Construction Continues at Bill Snyder Family Stadium

Apr 6, 2017

Bill Synder Family StadiumWhen walking out the doors of the Vanier Family Football Complex onto the north concourse, it all hits at once; the size and vastness and yet the elegance and charm overwhelms the senses.

Jeremy Niederwerder, associate athletics director for facilities, offers to take a look at the new construction updates happening in the stadium so that when going out those doors, it all hits again.

But unlike many times before, a limestone wall now surrounds part of the field; another addition to the puzzle of Bill Snyder Family Stadium.

The west side of the stadium under the press box looks nearly finished, with the personalized capstones the only stones missing. However, as one scans across the stadium, the progress is less apparent, and layers are still needed below the wall.

“Weather is construction’s biggest enemy,” Niederwerder said. “Over the last two weeks we’ve had I think just over six inches of rain or something, so that’s kind of prohibited construction a little bit, but we’re back on track.”

Despite the weather delays in recent weeks, Niederwerder said the wall project is actually ahead of schedule. The drainage and layers of cement have been laid, all that is left is the “vertical construction,” or as Niederwerder put it, “the fun stuff.”

“The rest of the work will really go fairly quick,” Niederwerder said. “Now that we have that underground work complete, we’re coming out of the ground and we’re starting to see the fun stuff instead of the stuff that’s just underground.”

The project to construct the wall around the field is just the fourth phase in the construction efforts on the stadium. Phases three and three B included large-scale improvements, consisting of a brand new Vanier Football Complex and major renovations to the north side of the stadium.

Phase five is more subtle than past phases, but interim athletics director Laird Veatch said the new additions, including the limestone wall around the field, will be impactful.

“The field level wall is something we’ve wanted to do for quite some time,” Veatch said. “It’s just a real visible statement to kind of tie back who we are on campus with who we are here at the stadium. Not only for the folks attending games in the stadium, but from a television standpoint, we think the visible nature of that will be pretty impactful.”

The wall, which is expected to be completed in May, has an estimated price tag of $3 million.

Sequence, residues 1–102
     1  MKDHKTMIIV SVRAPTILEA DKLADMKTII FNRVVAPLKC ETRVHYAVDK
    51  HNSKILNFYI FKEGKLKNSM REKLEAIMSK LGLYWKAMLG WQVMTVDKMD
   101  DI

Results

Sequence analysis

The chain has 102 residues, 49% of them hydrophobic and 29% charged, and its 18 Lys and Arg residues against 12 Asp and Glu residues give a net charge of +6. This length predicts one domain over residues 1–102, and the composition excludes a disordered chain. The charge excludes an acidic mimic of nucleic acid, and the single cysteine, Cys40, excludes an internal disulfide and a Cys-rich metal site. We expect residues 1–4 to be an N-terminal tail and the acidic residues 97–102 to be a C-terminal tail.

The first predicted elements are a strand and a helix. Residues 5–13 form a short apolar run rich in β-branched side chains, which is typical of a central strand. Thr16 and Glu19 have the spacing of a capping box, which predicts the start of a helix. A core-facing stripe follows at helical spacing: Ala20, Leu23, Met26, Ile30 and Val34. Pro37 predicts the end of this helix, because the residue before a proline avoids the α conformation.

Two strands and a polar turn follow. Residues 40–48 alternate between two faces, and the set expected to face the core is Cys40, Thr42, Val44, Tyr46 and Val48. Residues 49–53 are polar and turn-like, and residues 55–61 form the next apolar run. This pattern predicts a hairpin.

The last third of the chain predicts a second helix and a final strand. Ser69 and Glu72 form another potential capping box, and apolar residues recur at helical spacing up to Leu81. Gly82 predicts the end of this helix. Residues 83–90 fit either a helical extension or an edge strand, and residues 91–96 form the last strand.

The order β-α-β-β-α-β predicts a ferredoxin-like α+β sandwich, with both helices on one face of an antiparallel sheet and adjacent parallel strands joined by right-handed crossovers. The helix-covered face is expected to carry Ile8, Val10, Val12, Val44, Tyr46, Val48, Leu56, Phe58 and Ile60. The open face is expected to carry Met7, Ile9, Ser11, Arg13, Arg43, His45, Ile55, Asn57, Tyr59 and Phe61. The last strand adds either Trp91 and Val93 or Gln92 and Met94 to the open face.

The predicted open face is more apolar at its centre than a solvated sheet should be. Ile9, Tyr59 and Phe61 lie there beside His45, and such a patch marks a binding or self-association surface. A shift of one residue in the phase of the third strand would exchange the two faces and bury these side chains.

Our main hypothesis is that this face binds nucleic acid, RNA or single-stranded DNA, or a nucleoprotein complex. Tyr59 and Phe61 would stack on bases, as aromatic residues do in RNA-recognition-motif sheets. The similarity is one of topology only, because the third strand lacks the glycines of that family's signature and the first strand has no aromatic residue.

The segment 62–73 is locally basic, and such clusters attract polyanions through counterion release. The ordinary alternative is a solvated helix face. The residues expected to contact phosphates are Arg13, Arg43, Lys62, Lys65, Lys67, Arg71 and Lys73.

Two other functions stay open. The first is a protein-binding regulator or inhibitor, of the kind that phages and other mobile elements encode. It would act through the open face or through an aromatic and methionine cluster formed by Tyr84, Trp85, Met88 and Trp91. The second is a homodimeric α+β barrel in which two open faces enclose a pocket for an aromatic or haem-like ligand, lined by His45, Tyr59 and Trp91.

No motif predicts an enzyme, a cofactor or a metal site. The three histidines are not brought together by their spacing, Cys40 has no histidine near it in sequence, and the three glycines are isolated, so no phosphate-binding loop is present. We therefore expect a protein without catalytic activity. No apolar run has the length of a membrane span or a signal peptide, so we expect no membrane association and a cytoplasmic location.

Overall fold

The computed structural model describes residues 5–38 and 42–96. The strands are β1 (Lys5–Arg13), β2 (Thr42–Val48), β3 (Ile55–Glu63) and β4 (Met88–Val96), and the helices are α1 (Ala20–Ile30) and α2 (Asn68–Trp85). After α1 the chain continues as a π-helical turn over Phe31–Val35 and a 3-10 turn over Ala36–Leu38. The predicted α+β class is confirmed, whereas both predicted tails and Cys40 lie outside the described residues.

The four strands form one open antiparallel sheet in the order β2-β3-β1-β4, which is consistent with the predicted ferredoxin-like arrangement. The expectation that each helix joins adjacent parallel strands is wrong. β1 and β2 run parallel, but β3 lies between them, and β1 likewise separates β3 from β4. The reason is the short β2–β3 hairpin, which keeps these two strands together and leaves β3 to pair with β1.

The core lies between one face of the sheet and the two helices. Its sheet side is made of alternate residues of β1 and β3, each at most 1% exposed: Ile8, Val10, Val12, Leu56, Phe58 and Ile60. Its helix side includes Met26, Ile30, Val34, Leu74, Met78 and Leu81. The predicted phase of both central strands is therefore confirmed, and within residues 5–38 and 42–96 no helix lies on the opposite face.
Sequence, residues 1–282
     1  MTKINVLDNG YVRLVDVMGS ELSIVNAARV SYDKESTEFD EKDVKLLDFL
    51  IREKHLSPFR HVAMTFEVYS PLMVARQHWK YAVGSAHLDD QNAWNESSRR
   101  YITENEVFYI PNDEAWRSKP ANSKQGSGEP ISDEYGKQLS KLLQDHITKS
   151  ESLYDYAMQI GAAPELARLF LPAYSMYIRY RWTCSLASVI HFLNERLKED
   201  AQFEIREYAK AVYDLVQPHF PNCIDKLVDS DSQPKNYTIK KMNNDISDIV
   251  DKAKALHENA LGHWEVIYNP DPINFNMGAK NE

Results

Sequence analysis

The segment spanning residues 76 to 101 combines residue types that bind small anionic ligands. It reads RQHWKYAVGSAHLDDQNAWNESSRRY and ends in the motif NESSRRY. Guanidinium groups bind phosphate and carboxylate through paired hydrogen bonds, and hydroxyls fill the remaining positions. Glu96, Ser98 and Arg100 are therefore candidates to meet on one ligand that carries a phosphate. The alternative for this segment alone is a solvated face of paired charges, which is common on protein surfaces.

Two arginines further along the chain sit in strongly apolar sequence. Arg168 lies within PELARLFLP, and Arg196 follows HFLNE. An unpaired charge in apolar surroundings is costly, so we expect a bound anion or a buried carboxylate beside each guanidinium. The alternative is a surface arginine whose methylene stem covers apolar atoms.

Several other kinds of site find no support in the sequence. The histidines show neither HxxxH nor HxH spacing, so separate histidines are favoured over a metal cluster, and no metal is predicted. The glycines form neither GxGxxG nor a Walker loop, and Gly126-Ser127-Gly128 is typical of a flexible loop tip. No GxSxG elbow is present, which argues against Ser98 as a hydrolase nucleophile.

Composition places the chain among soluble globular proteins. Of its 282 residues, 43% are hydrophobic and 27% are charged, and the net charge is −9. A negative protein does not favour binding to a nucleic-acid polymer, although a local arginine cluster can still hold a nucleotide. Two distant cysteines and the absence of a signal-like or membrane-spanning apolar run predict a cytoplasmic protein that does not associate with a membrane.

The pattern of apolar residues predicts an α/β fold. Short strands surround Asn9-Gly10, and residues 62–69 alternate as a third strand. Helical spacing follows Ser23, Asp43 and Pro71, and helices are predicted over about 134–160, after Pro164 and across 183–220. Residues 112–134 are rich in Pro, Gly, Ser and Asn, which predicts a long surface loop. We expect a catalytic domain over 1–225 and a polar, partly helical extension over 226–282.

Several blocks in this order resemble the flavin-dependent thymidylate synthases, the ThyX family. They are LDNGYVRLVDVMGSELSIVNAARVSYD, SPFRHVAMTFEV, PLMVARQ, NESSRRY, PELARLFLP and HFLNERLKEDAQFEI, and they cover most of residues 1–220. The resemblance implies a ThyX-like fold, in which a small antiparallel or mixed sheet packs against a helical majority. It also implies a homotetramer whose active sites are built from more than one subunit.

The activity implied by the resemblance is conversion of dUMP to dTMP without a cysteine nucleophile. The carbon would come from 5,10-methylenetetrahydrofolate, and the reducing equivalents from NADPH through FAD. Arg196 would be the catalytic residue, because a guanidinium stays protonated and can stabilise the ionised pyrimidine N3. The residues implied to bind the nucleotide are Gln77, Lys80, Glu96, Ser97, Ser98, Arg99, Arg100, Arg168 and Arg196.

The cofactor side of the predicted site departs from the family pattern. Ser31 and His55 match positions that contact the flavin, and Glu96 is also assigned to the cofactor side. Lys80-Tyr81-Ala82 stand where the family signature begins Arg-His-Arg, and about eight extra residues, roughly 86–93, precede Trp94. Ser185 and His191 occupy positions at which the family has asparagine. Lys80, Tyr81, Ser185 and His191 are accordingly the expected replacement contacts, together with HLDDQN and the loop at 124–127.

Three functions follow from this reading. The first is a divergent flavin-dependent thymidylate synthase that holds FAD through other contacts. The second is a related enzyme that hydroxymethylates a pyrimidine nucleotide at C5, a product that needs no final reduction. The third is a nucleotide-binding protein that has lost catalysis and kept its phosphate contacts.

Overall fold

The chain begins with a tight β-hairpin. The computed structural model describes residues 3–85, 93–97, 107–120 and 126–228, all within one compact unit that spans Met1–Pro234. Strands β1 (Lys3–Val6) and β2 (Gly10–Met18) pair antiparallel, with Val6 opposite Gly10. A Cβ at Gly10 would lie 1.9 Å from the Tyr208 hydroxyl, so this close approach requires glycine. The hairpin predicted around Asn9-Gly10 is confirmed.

“The original schedule, we had it pushing construction out to the end of May for the field wall, and we’re looking like we’re going to beat that,” Niederwerder said.

Bill Synder Family Stadium

The wall is the most visible addition but not the only improvement to the stadium. As Niederwerder led out toward the rail, he pointed up to speakers and statistics boards at the south side of the stadium. The changes are not apparent on the surface; the speakers and boards look no different than they did any game day last fall.

But Veatch and Niederwerder said the improvements were needed.

“The sound, in particular, is something we’ve received a lot of feedback on from fans,” Veatch said. “We do a lot of postgame surveys, etcetera, and sound is an area we really knew we needed to upgrade.”

“Our last sound system was about 11 years old,” Niederwerder said. “The new one is going to be a little bit louder and a little bit clearer. It distributes the sound better than the old system.”

The suite an

d club level areas on the east side of the stadium will also receive improvements.

The next two phases of updates will be to the east and south sides of the stadium. Veatch said K- State Athletics is still assessing what changes are needed in the future. He said soccer and baseball facilities improvements are also in the plans.

“We’re working on some plans for continued developments for soccer,” Veatch said. “And also with that space being right next to baseball, possibly taking advantage of those locations being so close together and doing some things to benefit those programs.”

Original Article
By Scott Popp The Collegian